Such a flat article stacking apparatus, and more particularly a mail stacking apparatus is already known from Australian patent No. 483,480. In this known apparatus, and because each envelope generally possesses a certain stiffness, the latter will be determinant for the deflection of the rear portion of such an envelope in the direction of the backing member upon its front portion being applied against it by the conveyor means. Afterwards the bottom edge of this rear portion drops by gravity into engagement with a corrugated belt which constitutes the above mentioned deflector means and is then deflected into the direction of the backing member. Thus a deflected envelope cannot hinder the arrival of an immediately following one so that the use of the deflector means in principle permits a higher operation speed of the apparatus.
However, this known apparatus does not always operate satisfactorily because the own weight of the envelopes may be insufficient to bring them into engagement with the corrugated belt.
An object of the present invention is to provide a flat article stacking apparatus of the above type but which does not present this drawback.
According to the invention this object is achieved due to the fact that it includes an article canting means able to cant an article, the front portion of which is being applied against said backing member, in such a way that the bottom edge of said remaining portion of said article is forced into engagement with said deflector means.
In this way a flat article is always deflected into the direction of the backing member independently of its weight.
The above mentioned and other objects and features of the invention will become more apparent and the invention itself will be best understood by referring to the following description of an embodiment taken in conjunction with the accompanying drawings in which:
FIG. 1 is a perspective front view of a flat article stacking and tray loading apparatus according to the invention;
FIG. 2 is a top view at an enlarged scale of part of a stacking apparatus included in the apparatus of FIG. 1;
FIG. 3 is a side view in the direction of arrow III of FIG. 2;
FIG. 4 is a top view at an enlarged scale of another part of the stacking apparatus of the apparatus of FIG. 1;
FIG. 5 is a front view of FIG. 4;
FIG. 6 is a side view in the direction of arrow VI of part of the apparatus of FIG. 1 and after some frame parts thereof have been removed;
FIG. 7 is a side view at an enlarged scale and in the direction of arrow VII of the apparatus of FIG. 1 and after some frame parts thereof have been removed;
FIGS. 8 and 9 are perspective views of part of a tray loading apparatus included in the apparatus of FIG. 1 to illustrate the operation thereof;
FIG. 10 is a perspective view at an enlarged scale of part of FIG. 2.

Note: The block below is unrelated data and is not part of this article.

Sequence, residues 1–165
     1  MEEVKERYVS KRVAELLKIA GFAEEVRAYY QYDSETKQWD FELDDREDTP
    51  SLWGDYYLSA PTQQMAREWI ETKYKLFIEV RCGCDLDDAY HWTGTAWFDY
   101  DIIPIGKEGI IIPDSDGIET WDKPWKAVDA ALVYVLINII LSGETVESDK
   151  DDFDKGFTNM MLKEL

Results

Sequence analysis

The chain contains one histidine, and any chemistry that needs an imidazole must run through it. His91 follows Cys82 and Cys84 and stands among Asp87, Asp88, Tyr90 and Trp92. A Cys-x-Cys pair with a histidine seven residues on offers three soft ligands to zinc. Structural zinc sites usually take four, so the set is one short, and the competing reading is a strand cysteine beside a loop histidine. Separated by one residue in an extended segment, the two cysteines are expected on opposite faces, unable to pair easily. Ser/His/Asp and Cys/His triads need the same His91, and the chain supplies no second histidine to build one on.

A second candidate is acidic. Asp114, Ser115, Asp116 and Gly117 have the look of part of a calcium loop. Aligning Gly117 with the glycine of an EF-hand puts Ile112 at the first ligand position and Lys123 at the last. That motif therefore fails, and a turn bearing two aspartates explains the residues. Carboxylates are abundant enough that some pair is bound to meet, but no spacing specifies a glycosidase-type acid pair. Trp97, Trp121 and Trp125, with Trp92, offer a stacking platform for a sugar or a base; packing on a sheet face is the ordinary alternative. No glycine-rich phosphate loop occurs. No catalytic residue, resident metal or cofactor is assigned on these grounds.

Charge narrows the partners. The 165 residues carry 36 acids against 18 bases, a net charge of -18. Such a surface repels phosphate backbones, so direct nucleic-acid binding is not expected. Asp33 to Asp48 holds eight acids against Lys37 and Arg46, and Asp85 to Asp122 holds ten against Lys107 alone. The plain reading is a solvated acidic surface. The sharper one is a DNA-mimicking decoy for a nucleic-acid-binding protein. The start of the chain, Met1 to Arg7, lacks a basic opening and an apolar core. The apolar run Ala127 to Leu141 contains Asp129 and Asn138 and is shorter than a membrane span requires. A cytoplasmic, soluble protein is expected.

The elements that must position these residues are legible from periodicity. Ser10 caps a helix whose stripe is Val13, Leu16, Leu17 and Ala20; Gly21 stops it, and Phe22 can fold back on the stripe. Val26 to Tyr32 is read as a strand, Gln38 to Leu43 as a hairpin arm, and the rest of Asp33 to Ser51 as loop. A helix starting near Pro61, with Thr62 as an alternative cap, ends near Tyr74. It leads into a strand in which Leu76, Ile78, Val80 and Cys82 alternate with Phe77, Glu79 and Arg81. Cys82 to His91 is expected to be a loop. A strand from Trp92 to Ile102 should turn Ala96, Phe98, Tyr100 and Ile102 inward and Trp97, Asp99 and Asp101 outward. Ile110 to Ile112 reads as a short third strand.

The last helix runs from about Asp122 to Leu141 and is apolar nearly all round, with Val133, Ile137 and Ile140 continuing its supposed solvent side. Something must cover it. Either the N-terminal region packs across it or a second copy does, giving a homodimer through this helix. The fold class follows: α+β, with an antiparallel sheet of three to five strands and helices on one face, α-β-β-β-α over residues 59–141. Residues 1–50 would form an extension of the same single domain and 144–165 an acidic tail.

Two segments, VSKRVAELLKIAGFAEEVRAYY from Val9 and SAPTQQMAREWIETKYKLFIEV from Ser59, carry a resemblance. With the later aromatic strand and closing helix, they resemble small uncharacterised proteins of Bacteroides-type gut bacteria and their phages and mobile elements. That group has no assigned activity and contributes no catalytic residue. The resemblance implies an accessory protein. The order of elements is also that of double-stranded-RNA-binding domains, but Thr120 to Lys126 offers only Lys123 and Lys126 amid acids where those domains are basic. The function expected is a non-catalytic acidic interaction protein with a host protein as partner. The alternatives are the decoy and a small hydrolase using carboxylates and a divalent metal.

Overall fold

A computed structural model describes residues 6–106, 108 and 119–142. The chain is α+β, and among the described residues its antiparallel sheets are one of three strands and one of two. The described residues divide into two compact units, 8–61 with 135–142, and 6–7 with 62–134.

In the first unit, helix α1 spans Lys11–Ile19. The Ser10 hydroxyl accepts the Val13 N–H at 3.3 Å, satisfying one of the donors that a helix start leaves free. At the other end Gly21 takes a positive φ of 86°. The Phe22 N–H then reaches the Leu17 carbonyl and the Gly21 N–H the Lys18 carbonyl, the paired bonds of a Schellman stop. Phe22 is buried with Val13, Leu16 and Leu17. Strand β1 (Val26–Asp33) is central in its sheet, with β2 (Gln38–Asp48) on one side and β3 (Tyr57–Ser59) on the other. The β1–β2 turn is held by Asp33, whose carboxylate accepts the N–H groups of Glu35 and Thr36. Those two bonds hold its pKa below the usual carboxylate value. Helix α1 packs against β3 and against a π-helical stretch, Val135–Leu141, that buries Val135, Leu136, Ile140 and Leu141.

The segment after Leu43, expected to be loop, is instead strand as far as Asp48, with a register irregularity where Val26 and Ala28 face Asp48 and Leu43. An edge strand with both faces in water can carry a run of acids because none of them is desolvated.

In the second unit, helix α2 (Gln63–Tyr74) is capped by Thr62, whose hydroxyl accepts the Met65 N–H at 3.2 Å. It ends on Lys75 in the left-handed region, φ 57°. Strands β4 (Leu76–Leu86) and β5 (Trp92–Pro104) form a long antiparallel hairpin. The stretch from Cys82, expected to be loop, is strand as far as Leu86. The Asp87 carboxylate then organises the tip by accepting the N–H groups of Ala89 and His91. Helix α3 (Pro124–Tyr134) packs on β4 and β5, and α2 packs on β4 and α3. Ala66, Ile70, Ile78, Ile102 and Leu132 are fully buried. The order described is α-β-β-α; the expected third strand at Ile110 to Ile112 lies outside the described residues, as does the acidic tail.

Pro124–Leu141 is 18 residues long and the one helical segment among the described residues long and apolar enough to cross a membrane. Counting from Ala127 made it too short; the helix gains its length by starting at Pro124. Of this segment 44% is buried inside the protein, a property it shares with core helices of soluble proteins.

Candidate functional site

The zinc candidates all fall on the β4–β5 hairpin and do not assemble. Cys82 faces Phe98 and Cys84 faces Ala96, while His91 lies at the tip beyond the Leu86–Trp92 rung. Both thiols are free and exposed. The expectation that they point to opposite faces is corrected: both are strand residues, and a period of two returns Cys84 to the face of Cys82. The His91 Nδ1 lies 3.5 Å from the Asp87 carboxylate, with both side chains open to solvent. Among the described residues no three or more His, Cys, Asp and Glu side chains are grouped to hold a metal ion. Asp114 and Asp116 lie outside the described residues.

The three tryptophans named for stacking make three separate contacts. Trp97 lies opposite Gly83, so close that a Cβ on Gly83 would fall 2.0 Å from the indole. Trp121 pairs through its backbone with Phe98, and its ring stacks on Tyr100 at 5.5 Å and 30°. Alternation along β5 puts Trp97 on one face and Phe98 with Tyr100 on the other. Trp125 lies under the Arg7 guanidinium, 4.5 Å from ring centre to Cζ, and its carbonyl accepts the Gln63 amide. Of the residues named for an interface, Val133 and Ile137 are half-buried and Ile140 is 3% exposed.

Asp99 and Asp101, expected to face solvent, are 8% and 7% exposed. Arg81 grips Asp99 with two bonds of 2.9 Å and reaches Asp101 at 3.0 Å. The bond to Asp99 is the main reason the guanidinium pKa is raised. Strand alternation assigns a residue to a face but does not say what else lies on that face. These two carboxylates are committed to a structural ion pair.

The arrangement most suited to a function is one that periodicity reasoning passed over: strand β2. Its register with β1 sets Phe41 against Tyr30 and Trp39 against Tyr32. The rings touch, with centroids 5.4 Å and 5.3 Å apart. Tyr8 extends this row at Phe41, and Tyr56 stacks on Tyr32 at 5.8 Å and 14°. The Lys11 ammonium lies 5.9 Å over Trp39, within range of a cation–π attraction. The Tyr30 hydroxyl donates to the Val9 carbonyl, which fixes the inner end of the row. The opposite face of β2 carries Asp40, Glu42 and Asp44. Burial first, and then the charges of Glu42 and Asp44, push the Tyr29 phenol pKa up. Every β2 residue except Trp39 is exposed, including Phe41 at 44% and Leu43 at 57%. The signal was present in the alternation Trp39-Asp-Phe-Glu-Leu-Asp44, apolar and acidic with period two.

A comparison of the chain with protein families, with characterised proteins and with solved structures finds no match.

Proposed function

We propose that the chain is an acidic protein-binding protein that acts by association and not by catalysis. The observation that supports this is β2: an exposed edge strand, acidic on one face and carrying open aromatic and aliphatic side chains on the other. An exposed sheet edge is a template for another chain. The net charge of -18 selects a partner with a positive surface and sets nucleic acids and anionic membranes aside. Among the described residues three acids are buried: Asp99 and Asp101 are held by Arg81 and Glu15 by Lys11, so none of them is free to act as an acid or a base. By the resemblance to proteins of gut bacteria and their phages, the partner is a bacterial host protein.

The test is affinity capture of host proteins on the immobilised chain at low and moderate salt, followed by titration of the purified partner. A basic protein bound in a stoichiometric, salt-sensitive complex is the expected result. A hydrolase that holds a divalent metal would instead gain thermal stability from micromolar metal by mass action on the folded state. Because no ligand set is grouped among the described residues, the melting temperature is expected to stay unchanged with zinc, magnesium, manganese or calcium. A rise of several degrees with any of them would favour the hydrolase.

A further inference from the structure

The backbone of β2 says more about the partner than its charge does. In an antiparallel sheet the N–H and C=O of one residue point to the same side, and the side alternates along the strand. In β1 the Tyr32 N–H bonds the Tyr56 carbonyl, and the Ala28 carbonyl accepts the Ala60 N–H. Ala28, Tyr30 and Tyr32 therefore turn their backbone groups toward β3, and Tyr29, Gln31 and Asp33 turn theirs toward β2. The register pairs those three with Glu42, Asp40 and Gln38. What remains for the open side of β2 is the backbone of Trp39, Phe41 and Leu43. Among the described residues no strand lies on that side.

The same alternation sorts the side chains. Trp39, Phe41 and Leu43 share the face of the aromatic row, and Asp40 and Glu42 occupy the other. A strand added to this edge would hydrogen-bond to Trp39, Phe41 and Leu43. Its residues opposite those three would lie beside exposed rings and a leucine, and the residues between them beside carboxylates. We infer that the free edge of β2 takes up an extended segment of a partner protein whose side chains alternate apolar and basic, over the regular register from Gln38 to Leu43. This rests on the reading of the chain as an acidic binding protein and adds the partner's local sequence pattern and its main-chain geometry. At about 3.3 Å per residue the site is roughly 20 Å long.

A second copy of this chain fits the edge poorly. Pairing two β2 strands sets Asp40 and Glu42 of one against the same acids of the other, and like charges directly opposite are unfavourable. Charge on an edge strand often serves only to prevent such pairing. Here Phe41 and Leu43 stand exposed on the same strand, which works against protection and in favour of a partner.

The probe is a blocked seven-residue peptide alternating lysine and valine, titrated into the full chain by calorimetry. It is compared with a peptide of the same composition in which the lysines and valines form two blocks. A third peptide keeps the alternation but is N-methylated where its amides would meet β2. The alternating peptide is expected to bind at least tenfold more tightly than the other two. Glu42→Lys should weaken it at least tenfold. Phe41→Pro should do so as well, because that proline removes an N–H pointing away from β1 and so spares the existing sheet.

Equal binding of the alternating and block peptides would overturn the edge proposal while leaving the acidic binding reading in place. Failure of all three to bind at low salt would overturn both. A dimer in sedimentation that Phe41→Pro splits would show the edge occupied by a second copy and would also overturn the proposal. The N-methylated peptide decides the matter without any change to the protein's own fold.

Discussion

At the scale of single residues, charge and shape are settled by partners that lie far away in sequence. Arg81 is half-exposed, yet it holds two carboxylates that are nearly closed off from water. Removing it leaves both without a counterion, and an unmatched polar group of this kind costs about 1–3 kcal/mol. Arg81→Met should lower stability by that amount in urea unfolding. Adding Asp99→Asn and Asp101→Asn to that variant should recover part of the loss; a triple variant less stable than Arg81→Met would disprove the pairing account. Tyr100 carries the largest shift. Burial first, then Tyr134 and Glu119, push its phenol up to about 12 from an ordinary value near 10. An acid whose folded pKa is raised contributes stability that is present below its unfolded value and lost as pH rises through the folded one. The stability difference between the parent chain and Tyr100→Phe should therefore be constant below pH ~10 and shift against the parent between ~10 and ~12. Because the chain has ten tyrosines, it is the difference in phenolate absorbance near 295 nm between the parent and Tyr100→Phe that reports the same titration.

The flat article stacking and tray loading apparatus shown enables the stacking and the subsequent loading of a stack of mail into a tray and includes a frame structure with a horizontal base plate 1, a support 2, 3 with a horizontal part 2 located slightly below the horizontal base plate 1 and with an inclined part 3 prolonging the horizontal support 2, a vertical side plate 4, an inclined bracket 5 mounted alongside the inclined support 3, and a frame part 6 mounted below this inclined support 3. A stacking apparatus 7 is mounted on the supports 2 and 3; the inclined support 3 carries three flat positioning conveyor belts 8, 9, 10 and a support 11 which is displaceable with respect to the support 3; a backing unit 12 is mounted on side plate 4 and bracket 5; and frame part 6 carries a displaceable tray supporting unit 13.
The stacking apparatus 7 includes an edgewise conveyor including a belt 14, a plurality of rollers, of which only rollers 15 (FIG. 2) and 62 (FIG. 3) are shown, and a central pulley 16 (FIG. 5) of a three-pulley member, the belt 14 being carried by the rollers such as 15 and the pulley 16. The latter three-pulley member forms part of a pivotally mounted edgewise conveyor which further includes pulleys 17 and 18 and is rotatably mounted on an axle 19 secured to the horizontal support 2 by nuts and washers 20 and 21. The pivotally mounted edgewise conveyor also includes a swivelling bracket with swivelling plates 22 and 23 united by axles 24 and 25 carrying two-pulley members 26, 27 and 28, 29 respectively and pivotally mounted on the axle 19. The pulleys 17, 26 and 28 and 18, 27 and 29 carry endless high and low friction belts 30 and 31 respectively. The various pulleys are so mounted that a portion of the front part of these high and low friction belts 30 and 31 is located in the plane of the conveyor belt 14 and that another portion of this front part is situated in a plane perpendicular to the vertical side plate 4. Swivelling plate 22 is L-shaped and is attached by spring 32 to an L-shaped piece 33 fixed on support 2. Thus the pivotally mounted conveyor is continuously urged into clockwise direction (FIG. 4), its rest position being adjustable by means of an adjustable screw 34 screwed in an L-shaped bracket 128 also fixed on support 2. At its lower side the swivelling plate 22 carries an arm 35 controlling a microswitch 36 fixed on the vertical side plate 4 and constituting a sensing means.